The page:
March 6, 1863
---In Detroit, Michigan, rather severe race riots are followed by a pamphlet whose unnamed author details with condemning exactness the depredations enacted upon the black population of the city:
A THRILLING NARRATIVE FROM THE LIPS OF THE SUFFERERS OF THE LATE DETROIT RIOT, MARCH 6, 1863, WITH THE HAIR BREADTH ESCAPES OF MEN, WOMEN AND CHILDREN, AND DESTRUCTION OF COLORED MEN'S PROPERTY,
NOT LESS THAN $15,000.
DETROIT, MICH. PUBLISHED BY THE AUTHOR. 1863.
But before giving a thorough account of the riots, he offers this remarkable Preface paying tribute to the steadfastness of the African-Americans who volunteer to fight even in the face of persecution from Northern whites:
The present state of affairs in relation to the colored people is one of great perplexity; and is not only so on account of the South, but also in the North.
There certainly is something mysterious about them. On the one hand they are being mobbed, and everything that is sacred to a people to make a country or home dear are denied them, in many of the large Northern cities. And on the other hand they are marching off to the call of the Government as if they were sharing all the blessings of the most favored citizens!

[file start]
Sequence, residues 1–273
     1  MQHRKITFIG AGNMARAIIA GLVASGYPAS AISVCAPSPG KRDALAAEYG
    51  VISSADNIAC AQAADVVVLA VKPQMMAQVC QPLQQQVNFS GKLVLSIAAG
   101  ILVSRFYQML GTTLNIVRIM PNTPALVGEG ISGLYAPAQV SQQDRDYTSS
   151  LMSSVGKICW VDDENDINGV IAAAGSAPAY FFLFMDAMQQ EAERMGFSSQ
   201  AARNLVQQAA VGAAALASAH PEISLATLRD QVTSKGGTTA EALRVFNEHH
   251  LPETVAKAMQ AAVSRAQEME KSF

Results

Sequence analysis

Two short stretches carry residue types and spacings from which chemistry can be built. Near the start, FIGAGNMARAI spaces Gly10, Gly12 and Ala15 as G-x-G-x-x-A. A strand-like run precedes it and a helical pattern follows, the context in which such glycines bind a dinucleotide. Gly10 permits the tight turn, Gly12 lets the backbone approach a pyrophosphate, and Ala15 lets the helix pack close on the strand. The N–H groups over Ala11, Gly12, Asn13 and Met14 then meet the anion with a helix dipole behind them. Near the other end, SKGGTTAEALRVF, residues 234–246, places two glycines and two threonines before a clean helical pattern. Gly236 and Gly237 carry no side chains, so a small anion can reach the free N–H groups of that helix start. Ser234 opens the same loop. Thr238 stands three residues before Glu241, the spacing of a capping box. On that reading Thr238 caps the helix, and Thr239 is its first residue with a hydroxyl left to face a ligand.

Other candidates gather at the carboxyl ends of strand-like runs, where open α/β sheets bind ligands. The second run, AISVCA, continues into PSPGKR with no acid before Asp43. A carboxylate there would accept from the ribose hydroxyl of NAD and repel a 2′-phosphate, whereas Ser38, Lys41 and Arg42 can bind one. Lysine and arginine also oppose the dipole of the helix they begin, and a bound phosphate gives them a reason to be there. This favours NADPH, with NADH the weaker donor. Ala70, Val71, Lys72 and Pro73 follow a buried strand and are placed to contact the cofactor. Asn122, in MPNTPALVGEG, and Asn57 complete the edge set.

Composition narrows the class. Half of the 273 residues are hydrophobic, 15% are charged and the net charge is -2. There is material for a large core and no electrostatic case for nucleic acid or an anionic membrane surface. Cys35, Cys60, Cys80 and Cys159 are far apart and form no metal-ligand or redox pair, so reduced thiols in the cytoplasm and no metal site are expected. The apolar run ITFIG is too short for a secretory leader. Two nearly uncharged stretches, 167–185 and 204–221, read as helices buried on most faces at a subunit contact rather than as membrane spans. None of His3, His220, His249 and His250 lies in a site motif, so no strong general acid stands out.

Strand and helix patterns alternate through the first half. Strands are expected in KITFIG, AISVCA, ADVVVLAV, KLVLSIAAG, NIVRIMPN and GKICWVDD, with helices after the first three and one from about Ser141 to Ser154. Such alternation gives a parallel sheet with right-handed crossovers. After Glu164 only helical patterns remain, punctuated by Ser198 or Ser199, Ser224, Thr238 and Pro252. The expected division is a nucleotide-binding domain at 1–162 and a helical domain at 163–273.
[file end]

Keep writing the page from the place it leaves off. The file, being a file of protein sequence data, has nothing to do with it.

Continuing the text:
And it is equally mysterious to see the bitter opposition that a class of men, professing loyalty to the Government of the United States, should have against the colored soldier going out and facing the canon's mouth in defence of a Government that appears to be unable to give them any protection from the rage of the rebels in the South, or their enemies in the North.
But one thing the colored man knows, that the class of men of the same politics as those South are doing the mobbing North; so they are not only ready to suffer, but to die in the cause that promises over three millions of their race liberty.
Whatever, therefore, our treatment may be, so far as the rage of the enemies of freedom may be! Whatever, through cowardice, a ruthless mob of such men may inflict upon our people, they will not be deterred from the duty they owe to their God, themselves and posterity, to do all they possibly can to undo the heavy burdens and let the oppressed go free! . . .
---Captain John Maffit, CSN, commanding the CSS Florida, reports having seized the merchant steamer Star of Peace, which the Southerner’s condemn and burn at sea.